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Air Pollution

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Jeffrey Ali

on 6 June 2013

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Transcript of Air Pollution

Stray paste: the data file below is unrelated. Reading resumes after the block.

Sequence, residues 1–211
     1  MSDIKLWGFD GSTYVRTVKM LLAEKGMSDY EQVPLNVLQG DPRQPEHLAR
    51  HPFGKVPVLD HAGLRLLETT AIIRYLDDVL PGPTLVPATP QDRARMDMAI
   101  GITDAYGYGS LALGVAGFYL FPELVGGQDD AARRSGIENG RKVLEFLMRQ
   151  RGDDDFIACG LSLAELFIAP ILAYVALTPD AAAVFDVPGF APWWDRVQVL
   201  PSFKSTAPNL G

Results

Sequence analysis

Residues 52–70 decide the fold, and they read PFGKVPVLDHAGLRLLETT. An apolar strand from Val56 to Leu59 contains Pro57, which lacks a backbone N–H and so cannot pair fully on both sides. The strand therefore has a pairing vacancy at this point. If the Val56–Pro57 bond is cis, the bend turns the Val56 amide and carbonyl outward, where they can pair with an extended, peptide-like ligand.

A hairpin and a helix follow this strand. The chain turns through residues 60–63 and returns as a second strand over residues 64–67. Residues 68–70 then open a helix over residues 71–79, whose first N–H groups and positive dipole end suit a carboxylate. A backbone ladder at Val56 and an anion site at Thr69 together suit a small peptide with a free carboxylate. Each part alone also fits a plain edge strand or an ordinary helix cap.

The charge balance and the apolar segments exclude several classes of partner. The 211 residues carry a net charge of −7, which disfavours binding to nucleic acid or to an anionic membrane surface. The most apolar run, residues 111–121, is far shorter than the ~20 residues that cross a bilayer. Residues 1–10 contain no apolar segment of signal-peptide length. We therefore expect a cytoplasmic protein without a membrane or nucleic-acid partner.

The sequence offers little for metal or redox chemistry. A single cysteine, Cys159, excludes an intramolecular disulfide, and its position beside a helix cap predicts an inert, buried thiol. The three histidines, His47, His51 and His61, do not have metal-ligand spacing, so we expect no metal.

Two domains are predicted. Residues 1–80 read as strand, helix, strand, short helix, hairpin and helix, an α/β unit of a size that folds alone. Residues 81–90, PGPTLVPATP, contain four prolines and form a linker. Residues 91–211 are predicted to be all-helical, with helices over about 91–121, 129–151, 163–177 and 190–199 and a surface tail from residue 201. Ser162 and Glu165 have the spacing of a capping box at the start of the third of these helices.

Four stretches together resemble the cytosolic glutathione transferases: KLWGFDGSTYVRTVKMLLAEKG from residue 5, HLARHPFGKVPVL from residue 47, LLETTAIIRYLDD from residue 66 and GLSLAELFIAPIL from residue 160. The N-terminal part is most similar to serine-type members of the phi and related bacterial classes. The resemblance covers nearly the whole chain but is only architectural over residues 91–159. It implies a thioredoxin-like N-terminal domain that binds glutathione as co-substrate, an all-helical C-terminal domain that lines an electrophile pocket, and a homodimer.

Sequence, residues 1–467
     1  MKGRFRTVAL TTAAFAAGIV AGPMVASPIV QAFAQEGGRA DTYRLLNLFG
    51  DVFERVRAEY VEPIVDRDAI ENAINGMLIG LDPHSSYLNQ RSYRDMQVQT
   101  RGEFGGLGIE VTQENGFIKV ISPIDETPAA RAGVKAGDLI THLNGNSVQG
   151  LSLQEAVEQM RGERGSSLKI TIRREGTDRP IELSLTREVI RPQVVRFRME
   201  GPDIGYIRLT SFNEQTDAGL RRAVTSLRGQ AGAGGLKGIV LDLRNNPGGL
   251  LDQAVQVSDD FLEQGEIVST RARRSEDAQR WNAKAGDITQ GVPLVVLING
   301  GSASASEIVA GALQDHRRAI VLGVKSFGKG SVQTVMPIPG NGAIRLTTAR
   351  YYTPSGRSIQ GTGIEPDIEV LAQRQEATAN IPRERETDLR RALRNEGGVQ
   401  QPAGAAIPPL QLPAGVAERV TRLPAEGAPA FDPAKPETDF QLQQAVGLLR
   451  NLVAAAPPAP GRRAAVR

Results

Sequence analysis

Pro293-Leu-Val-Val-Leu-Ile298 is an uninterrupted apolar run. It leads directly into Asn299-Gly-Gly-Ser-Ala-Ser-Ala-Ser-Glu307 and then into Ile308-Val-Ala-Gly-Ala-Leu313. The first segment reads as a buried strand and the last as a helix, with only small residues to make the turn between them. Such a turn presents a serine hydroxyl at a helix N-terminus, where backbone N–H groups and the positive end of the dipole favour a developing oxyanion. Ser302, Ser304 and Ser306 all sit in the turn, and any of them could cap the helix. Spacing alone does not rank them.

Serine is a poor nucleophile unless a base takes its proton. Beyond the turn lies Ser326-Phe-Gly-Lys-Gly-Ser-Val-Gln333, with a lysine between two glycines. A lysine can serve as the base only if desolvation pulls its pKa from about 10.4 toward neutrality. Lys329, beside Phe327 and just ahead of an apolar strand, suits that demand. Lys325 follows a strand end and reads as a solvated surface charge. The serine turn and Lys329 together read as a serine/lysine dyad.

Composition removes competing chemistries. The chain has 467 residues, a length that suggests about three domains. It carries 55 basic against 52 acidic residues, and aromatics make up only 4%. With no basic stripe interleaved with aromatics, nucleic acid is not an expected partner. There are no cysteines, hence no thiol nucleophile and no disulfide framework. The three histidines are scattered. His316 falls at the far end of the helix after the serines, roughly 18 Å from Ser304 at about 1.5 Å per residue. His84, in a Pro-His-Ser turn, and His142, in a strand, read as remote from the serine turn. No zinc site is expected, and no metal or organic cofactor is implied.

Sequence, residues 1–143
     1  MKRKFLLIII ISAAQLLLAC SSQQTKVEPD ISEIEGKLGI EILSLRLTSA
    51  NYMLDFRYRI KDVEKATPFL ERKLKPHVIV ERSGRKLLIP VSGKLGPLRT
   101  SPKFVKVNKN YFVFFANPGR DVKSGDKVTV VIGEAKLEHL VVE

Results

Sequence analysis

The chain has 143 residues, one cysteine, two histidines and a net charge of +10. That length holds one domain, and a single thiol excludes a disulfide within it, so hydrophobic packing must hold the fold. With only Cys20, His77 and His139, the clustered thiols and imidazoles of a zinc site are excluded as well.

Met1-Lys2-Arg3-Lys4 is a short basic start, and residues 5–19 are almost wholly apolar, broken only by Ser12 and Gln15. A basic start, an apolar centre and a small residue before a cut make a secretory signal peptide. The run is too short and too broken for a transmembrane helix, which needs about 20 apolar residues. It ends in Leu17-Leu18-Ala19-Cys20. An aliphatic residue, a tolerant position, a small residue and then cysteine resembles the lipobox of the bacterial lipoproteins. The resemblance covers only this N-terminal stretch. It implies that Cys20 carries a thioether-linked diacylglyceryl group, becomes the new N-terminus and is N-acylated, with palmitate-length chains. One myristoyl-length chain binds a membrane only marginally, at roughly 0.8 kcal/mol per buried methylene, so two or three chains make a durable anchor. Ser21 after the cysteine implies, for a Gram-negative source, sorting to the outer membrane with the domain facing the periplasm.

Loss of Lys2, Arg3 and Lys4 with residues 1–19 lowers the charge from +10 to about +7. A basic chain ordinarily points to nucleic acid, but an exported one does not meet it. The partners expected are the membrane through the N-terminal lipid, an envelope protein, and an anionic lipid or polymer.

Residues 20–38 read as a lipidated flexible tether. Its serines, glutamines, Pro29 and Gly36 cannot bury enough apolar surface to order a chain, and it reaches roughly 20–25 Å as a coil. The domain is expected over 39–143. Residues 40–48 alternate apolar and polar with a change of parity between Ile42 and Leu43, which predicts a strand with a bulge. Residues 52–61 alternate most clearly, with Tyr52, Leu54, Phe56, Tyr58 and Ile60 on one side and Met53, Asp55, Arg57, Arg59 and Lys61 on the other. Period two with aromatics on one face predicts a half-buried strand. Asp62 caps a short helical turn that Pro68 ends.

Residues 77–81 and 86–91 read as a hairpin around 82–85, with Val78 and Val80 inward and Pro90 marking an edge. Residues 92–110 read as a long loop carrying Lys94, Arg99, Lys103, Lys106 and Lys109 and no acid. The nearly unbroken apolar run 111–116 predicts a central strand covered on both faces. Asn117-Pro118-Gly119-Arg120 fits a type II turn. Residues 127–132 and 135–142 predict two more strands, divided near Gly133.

How does air pollution directly affect us? Because breathing in polluted air is similar to smoking cigarettes, many of the health concerns are similar such as asthma, bronchitis, and cancer. However, it is obesity that is becoming a much larger problem in polluted cities. A 2011 study by Harvard researchers found a “consistent and significant” relationship between Type II diabetes and exposure to fine particulate matter. Ohio State University professor Qinghua Sun later carried out an experiment involving rats which confirmed these findings. In other words, citizens in most US cities are literally getting fatter with each breath. by: Jeffrey Ali Air Pollution What is air pollution? Air pollution occurs when harmful chemicals, particulates, or materials are released into the air. These pollutants cause the air to become unhealthy resulting in serious problems for organisms as well as their environment. Some of the main contributors include... Cars, trucks, and airplanes which use combustion engines that release carbon monoxide, nitrous oxide and gaseous oxide. This type of air pollution creates smog as seen in this photo of Los Angeles. Factories, office buildings, and power-generating stations which burn fossil fuels, resulting in air pollution. The burning of oil and coal also contributes to smog. Why should we be concerned? Air pollution is a topic that must be addressed because of acid rain and medical conditions such as asthma which are direct consequences. In the US it is especially important that we clean up the air soon, or we could end up like China, where the air is so polluted that wearing a mask has become the norm in many cities. In addition, if left untreated and in its current state, air pollution is predicted to become the #1 killer in the world, with more deaths than Malaria and unhealthy water combined. Acid Rain In addition to health concerns, air pollution also leads to acid rain which damages ecosystems. Acid rain primarily comes from sulfur dioxide and nitrogen oxides, which are released into the atmosphere through volcanic eruptions, organic decay and fossil fuel emissions. Acid rain kills trees and pollutes the water, harming the organisms within. In addition, acid rain deteriorates statues and buildings. Conclusion A great amount of progress has been made in reducing the levels of pollution in the air since the Industrial Revolution. In the US this is mainly thanks to the Clean Air Act, which allows the Environmental Protection Agency to limit the pollution factories can legally release. However, this is not enough; there is still much more work to be done not only in the US, but in countries such as China and India. Working together, we can make the Earth's air healthy once more. Acid rain can also have much deeper effects. In a study done by Cornell researchers, it was shown that Wood Thrushes in an area were indirectly affected by acid rain. While the acid rain did not harm the birds, it did rob the soil in this area of the nutrients essential for any snails to survive. The Wood Thrushes were thus unable to consume any snails, their main source of calcium, and their eggs were fragile and easily broken, leading to a decrease in population. The process of acid rain
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